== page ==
Many people like to retire for an afternoon siesta, but you don't go long between meals on safari, with a selection of sweet and savoury snacks served for afternoon tea. Then, during your second activity, sundowners and savoury snacks are offered.

A full three-course dinner is served on your return to camp. On two occasions, we've tucked into a starter of spicy butternut soup and another of orange, beetroot and feta salad. The main course on both visits happened to be a perfectly cooked beef fillet on butternut purée and courgette rosti, served with butternut and potato crisps or salad. Dessert was a pink grapefruit soufflé on one occasion, and coffee flan on another. All this is accompanied by a selection of local beers and spirits, or your choice of South African wine.

Dining style: Mixture of group dining and individual tables

Dining locations: Indoor and Outdoor Dining

Cost of meal e.g. lunch: Included

Drinks included: All drinks available at Somalisa – beers, South African wines and soft drinks – are included in the rates, although note that they do not stock drinks imported from outside Africa (such as champagne although there are some excellent South African sparkling wines on offer). As part of Somalisa's drive to be eco-friendly, all guests are gifted an aluminum water bottle that they can use during their stay to fill up with fresh filtered water as needed, instead of going through numerous plastic water bottles.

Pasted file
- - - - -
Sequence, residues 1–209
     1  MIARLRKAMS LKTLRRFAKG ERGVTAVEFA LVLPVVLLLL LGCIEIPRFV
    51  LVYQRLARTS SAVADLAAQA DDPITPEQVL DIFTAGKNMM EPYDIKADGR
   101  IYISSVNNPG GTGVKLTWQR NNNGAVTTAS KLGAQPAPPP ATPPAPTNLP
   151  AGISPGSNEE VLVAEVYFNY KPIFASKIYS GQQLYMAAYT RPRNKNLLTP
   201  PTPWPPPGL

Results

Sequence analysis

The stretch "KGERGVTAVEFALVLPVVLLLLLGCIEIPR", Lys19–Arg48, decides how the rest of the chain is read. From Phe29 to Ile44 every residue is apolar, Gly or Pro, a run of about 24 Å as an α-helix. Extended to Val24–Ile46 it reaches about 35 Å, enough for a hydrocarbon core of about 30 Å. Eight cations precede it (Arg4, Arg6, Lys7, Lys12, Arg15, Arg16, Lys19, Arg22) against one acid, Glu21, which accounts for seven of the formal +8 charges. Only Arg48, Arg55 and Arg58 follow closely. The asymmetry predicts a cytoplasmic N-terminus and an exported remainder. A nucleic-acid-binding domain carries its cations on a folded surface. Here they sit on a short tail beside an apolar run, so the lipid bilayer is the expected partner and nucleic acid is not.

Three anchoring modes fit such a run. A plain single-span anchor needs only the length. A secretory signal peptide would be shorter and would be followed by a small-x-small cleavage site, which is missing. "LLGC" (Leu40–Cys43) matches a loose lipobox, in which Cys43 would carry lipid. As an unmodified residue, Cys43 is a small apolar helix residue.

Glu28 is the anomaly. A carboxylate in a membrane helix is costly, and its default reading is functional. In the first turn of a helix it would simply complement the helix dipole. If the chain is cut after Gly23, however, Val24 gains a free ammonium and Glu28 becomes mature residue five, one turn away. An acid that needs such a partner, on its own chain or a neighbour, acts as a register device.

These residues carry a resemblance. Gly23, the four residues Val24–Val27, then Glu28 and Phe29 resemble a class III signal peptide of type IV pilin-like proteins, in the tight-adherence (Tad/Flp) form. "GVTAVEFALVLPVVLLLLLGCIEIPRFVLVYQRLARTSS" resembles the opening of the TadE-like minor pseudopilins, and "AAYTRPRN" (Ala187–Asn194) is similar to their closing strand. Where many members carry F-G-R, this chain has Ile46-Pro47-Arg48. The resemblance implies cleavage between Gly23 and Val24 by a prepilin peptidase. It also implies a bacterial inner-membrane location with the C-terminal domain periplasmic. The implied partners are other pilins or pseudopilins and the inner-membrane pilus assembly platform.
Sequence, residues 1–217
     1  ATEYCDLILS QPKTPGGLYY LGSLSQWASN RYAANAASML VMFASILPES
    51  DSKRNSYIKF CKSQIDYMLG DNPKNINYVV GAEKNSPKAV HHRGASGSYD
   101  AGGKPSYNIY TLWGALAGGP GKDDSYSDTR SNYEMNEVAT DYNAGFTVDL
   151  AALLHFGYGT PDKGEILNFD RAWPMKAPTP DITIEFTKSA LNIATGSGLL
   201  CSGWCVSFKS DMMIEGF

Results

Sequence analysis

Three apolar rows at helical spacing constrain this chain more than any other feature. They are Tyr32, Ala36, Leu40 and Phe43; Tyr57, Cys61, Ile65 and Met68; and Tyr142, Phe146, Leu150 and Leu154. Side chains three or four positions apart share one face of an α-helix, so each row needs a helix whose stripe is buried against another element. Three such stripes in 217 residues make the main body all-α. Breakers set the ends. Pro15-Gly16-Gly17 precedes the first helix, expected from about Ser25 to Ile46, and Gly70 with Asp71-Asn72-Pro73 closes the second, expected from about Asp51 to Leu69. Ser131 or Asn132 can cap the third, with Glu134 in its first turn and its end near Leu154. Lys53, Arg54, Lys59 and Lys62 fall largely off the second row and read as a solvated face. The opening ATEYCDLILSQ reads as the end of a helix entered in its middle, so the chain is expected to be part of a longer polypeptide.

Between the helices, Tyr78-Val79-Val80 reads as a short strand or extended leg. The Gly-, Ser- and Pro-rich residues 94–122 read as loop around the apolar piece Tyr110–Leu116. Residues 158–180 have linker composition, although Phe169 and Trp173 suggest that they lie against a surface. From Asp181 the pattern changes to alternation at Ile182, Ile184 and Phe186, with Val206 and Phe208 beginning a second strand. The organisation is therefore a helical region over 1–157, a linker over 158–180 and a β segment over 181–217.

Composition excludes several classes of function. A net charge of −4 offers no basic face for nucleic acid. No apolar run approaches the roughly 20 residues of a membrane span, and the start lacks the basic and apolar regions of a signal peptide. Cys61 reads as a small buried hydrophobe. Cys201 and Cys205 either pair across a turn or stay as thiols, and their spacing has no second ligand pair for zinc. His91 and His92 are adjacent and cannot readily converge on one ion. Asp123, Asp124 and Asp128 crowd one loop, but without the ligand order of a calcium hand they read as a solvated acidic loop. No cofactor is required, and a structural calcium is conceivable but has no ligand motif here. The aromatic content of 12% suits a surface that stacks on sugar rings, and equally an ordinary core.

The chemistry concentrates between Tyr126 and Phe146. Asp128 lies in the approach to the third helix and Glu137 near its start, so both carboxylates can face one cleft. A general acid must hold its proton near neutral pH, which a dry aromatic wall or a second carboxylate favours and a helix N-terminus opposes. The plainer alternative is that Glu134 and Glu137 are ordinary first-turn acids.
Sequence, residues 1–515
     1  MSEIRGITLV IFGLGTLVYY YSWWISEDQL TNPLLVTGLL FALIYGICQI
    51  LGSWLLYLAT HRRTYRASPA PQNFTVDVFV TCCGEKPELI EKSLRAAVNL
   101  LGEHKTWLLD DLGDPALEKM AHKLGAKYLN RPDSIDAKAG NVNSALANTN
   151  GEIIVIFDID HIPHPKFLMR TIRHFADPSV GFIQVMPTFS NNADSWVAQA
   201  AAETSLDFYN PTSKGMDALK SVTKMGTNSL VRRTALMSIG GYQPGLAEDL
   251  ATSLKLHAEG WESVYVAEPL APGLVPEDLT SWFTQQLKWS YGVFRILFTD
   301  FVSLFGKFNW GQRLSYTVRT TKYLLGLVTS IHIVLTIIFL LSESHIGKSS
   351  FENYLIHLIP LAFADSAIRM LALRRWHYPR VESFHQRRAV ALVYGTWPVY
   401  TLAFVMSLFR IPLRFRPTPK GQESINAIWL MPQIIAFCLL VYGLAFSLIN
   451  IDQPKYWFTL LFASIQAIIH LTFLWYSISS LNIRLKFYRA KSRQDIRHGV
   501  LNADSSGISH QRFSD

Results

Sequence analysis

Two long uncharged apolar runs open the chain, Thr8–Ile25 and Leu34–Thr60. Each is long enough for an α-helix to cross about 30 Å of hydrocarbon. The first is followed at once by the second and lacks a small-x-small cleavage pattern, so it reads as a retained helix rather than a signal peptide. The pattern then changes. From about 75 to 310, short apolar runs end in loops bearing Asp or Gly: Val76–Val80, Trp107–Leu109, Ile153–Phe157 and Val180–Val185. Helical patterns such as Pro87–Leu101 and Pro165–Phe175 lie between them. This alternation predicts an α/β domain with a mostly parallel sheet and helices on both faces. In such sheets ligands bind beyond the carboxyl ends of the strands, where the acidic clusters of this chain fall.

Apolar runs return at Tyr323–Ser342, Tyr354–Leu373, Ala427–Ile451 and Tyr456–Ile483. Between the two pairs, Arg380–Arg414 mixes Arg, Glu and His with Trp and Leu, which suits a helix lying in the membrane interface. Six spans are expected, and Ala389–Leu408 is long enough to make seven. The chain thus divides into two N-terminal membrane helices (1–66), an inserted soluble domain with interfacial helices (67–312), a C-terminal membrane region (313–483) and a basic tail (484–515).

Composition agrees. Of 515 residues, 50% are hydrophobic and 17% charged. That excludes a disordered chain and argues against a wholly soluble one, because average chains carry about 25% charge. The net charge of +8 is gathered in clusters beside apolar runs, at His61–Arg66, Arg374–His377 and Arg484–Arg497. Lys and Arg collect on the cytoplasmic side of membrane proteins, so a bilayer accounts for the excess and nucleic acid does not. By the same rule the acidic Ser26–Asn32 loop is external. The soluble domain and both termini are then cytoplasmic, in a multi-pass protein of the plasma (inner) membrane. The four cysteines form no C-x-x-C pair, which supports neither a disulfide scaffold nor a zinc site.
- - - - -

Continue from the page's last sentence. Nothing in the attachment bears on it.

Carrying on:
Further dining info: Private dinners are possible, with notice.

Special interests

Honeymoons: Somalisa Camp's spacious tents combine old-world, explorer chic with modern comforts. Yet this is still a bushcamp at heart, with excellent guiding and superb wildlife-watching opportunities, making it a perfect place to spoil yourself on a Zimbabwe honeymoon.

See more ideas for Honeymoons in Zimbabwe

Wildlife safaris: Somalisa is in an area rich in wildlife, with healthy populations of elephant, buffalo and lion. These and other animals can be seen on walks and drives, as well as at the waterholes in front of camp, making for a varied wildlife safari in Zimbabwe.

See more ideas for Wildlife safaris in Zimbabwe

Luxury: Somalisa Camp offers world-class service and comfortable furnishings whilst managing to retain an authentic bush-feel. Expect spacious tents with rustic-looking décor featuring wood panelling and copper bathtubs.

See more ideas for Luxury in Zimbabwe


Attitude towards children: Somalisa Camp does not accept children below seven years of age. However, there is no age limit at Somalisa Acacia, where children of all ages are welcome.